6. Charlie L. says:

    EE paper bond appreciate month by month and double its value in 30 years in spite of the interest. That is 2.4% annually using 72 rule. How do you think about it? How about the new electronic EE bond buying at face value?

    • David C says:

      Some notes:
      1) All I savings bonds and “recent” (May 1997 onward) EE savings bonds pay interest monthly.
      2) Current EE savings bonds are guaranteed to double in 20 years, which is an effective rate of around 3.5%.
      3) You should completely ignore the “double-face” value of EE paper bonds: it’s nothing more than a marketing gimmick. A $5000 electronic EE bond is completely equivalent to a $10000 paper EE bond and if bought at the same time will end up with equal values.
      4) After an EE savings bond has doubled in value at 20 years, the treasury reserves the right to set the ARY for the final 10 years.

      Finally, for deciding between an I and EE savings bond, the book Savings Bond Advisor suggests looking at the difference between the EE bond rate and the fixed rate of the I bond. If you believe inflation will be higher than the difference, you should buy I bonds, else you should buy EE bonds.

      Example 1: April 2010 purchase, will be held for 5 to 19 years
      1.2% [EE rate] – 0.3% [I fixed rate] = 0.9%
      No brainer, since I definitely believe that inflation will be higher than 0.9% the I savings bond is better.

      Example 2: April 2010 purchase, will be held 20 years
      3.5% [EE guaranteed to double rate] – 0.3% [I fixed rate] = 3.2%
      Harder to interpret. Since I expect inflation to be around 3% to 4%, I would still lean toward the I bond just because I could cash it out before 20 years. If you think inflation will be low (2%?), then EE would be better.

  7. patty says:

    So, any idea what the new fixed rate is? I can’t find it anywhere not even at treasury direct site.

    • K.D. says:


      Nor I. I’m thinking that since May first was a Saturday, the rate is not announced until the first BANKING day – tomorrow 5/3.
      Try at midnight!

  8. Allegator says:

    You’ll know tomorrow. I’m predicting a .10% increase because I think that (for whatever reason) they’re trying to slowly move in a more attactive direction. Consider that there was no compelling reason to raise it to .30 last time either.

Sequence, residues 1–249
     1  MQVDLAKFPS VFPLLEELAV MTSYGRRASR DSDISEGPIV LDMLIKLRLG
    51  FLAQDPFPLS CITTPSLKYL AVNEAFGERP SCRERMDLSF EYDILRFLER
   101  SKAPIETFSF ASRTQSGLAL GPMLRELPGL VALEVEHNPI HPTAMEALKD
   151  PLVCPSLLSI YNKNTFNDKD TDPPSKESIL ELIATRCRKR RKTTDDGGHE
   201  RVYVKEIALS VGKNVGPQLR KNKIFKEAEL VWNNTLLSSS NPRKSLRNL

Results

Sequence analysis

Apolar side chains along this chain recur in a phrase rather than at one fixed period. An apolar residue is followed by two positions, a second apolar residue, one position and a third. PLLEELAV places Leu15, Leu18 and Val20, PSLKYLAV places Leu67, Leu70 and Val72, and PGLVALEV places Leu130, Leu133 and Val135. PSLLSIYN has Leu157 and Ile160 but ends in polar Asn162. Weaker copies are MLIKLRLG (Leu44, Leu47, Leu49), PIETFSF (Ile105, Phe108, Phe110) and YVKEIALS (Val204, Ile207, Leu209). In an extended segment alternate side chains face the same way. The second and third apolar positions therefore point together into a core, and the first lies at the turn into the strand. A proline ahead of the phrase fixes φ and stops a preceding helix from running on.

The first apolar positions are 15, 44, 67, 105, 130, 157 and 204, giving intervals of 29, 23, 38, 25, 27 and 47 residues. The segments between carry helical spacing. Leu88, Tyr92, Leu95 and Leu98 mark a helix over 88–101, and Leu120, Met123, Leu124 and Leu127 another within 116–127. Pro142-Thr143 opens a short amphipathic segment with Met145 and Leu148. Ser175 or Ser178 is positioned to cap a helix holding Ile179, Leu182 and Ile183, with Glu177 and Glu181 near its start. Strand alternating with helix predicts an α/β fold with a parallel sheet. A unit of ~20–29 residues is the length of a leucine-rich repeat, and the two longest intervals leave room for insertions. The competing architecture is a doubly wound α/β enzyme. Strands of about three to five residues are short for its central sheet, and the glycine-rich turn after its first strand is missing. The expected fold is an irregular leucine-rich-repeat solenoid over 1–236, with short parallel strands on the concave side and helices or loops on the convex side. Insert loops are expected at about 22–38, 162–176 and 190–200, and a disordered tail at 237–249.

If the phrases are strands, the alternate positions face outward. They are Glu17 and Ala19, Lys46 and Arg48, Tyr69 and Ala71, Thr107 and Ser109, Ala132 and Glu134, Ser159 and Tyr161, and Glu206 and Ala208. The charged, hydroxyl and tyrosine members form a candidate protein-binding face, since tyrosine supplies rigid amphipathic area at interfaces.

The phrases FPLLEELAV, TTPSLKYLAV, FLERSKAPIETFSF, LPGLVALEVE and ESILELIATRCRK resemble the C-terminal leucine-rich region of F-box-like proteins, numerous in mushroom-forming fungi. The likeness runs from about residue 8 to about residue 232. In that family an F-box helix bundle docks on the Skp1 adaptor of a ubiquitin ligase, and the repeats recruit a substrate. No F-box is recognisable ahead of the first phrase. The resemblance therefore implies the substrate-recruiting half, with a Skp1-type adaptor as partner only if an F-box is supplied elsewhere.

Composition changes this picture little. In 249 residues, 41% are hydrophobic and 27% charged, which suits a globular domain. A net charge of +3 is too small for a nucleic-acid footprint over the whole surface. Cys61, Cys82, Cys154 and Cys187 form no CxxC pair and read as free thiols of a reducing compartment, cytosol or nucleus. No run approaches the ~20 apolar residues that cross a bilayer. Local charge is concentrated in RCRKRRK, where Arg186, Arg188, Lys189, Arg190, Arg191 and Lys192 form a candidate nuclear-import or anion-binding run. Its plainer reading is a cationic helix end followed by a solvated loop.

9. bill says:


    We’ll see in a few hours (May 3)!

    Eric, I have $11,000 face value worth of I-bonds I bought back in November of 2001. The fixed rate was 3%. But one thing I found out was that your minimum annual interest on any six month period is NOT the fixed rate. It’s 0%. I got 0% for the previous six month period on I-bonds.

    Still, I think I made a smart move this decade by buying two opposing inflation-proof investments: I bonds and precious metals. Precious metals can give much higher returns in inflation, but have negative returns when the economy gets better. But then the I-bonds would protect you from deflation by keeping rates 0.

    My only regret is that I haven’t bought more I-bonds and gold when I could have.

    SavingEverything, TIPS pay out interest every six months. Their fixed rate is higher than Series I bonds. You are taxxed at the federal level on the paid-out interest as a gain when you get the income from TIPS. But Series I bonds are only taxxed when you redeem them. TIPS still grow in value with time, so if you have a $1,000 ten year TIPS, you will have a gain on top of that in addition of the semi annual interest income, when the TIPS matures.

    Since you are limited to $10,000 worth of I bonds (combination of paper and electronic), it’s a great idea to buy TIPS if you have more investment money available.

  10. NateUVM says:

    Just announced…

    Fixed Rate: 0.20%
    Variable Rate: 0.77%
    Composite Rate: 1.74%

    There’s our answer.

    • Jim says:

      Yep, my 0.3% fixed rate “prediction” wasn’t too far off. I’m not at all surprised the rate slipped to 0.2%.